[0006] Conventional valve seat designs use a steel or other metal as both the valve and the valve seat, causing considerable friction and wear where the two meet as the valve engages the valve seat. Over time, repetitive contact of the metallic valve seat with the metallic valve causes specific portions of the valve or valve seat to wear out faster than other parts, leading to costly repair work to bring the firac pump back online. Because the valve seat is securely fastened within the fluid end, it is more difficult and cumbersome to replace the valve seat than the valve body. For example, a valve seat is oftentimes fixed inside the fluid passageway by way of an interference fit. Removing the valve seat from the fluid passageway oftentimes increases the risk of damage to the pump fluid end.

Summary

[0007] This summary is provided to introduce a selection of concepts in a simplified form that are further described below in the Detailed Description. This summary is not intended to identify key features or essential features of the claimed subject matter. Nor is it intended to be used as an aid in determining the scope of the claimed subject matter.

[0008] In a first general embodiment, a valve seat for use in a fluid end of a fracturing pump includes a first body portion having an inner wall and an outer wall. The inner wall forms a fluid bore. The outer wall is configured to contact an inside surface of a fluid passageway of a fluid end of the fracturing pump for support therein. The valve seat includes a second body portion extending from the first body portion. The second body portion has a frustro-conical portion forming a seating surface for receiving a reciprocatingly movable valve body. At least a portion of the first and second body portion includes a hardened material insert, which forms a portion of the seating surface and a portion of the inner wall of the first body. The hardened material insert further includes a metallic body portion affixed to the hardened material insert. The metallic body portion forms at least a portion of first body portion outer wall.

[0009] In one specific aspect, the metallic body portion forms a portion of the seating surface.

[0010] In another specific aspect, the insert forms the entirety of the seating surface. [0011] In yet another specific aspect, the insert forms the entirety of the inner wall of the first body.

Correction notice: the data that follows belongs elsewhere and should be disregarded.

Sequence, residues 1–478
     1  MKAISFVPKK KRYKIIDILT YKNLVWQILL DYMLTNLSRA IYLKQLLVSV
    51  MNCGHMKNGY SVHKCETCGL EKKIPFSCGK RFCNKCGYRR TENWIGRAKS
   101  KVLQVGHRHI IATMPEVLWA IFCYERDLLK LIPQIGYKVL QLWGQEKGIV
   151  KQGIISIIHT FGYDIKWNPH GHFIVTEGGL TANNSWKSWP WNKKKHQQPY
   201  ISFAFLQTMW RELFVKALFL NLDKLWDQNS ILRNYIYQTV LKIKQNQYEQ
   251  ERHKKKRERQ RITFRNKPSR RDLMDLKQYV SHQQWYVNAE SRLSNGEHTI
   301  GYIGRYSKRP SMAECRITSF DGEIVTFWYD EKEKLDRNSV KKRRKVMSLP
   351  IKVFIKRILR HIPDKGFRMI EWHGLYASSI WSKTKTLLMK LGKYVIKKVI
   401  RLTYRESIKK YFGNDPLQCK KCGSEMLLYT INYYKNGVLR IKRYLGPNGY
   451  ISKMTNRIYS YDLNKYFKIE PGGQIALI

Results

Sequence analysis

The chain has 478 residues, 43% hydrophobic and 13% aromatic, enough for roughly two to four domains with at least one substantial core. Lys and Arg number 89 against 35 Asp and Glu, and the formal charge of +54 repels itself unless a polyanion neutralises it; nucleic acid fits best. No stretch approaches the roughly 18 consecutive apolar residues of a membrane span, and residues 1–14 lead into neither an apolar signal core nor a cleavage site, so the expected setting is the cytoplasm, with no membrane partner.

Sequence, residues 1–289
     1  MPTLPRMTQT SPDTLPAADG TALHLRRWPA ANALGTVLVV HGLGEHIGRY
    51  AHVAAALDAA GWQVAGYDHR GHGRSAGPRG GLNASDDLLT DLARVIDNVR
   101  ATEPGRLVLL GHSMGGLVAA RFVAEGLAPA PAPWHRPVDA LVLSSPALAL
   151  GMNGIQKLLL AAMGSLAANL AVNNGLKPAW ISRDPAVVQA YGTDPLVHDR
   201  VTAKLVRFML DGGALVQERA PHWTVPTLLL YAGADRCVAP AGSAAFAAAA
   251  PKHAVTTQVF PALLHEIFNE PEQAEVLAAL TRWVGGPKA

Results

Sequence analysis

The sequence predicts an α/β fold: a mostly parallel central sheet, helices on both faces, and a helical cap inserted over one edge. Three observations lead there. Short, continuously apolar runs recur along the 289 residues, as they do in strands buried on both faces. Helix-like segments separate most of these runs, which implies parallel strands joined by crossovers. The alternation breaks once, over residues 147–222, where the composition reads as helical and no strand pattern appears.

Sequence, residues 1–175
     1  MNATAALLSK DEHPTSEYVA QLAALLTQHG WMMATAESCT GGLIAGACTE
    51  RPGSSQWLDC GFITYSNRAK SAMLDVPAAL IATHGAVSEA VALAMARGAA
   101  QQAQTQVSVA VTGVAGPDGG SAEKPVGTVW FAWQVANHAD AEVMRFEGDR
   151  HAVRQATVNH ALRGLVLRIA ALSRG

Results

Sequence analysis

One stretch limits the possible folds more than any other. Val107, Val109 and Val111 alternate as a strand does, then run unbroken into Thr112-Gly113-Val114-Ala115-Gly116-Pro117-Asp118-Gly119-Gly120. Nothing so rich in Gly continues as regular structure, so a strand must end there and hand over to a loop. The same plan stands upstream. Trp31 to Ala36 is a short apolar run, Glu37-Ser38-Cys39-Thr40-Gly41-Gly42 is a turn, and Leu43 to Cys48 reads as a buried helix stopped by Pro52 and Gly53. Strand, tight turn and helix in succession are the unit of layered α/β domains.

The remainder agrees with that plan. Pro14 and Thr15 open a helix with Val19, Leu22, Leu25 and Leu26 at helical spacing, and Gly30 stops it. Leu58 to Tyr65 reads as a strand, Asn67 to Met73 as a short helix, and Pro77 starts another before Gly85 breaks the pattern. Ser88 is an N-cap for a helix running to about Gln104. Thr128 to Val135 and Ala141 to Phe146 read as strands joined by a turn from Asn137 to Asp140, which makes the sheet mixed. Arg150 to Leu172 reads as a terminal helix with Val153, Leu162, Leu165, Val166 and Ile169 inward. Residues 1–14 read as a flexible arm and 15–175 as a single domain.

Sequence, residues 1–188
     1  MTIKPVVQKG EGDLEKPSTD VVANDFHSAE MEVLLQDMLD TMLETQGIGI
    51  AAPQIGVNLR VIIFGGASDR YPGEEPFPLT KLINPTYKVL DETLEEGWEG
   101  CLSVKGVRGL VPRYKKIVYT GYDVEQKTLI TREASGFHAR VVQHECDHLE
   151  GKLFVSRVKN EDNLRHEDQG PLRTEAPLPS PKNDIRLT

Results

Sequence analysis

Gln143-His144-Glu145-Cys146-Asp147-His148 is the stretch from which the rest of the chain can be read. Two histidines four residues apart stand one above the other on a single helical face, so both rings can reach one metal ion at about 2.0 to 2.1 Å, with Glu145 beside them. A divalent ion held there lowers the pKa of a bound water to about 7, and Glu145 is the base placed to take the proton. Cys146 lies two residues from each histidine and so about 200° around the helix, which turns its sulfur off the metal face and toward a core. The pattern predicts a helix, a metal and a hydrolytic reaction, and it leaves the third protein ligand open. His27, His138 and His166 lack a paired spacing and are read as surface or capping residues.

[0012] In yet another specific aspect, the insert forms the entirety of the second body.

[0013] In one specific aspect, the insert and the metallic body form at least a portion of the first body and at least a portion of the second body, the insert extending between and including a first end and a second end of the valve seat to forming the seating surface and the inner wall of the first body.

[0014] In another specific aspect, the insert is cylindrical forming at least a portion of the first body, the cylindrical member having an outer wall extending only in a direction parallel to a valve seat axis.

[0015] In yet another specific aspect, the metallic body includes an annular groove for supporting a seal therein.

[0016] In yet another specific aspect, the hardened material insert is made of at least one of tungsten carbide, zirconia, stabilized zirconia, tungsten carbide nickel, tungsten carbide cobalt, silicon nitride and sialon.

[0017] In one specific aspect, the second body extends radially beyond the outer wall of the first body to support the valve in the fluid passageway.

[0018] In another specific aspect, the valve seat further includes a first end and an opposed second end, the second end having an outer diameter different from an outer diameter of the first end to support the valve seat in the fluid passageway.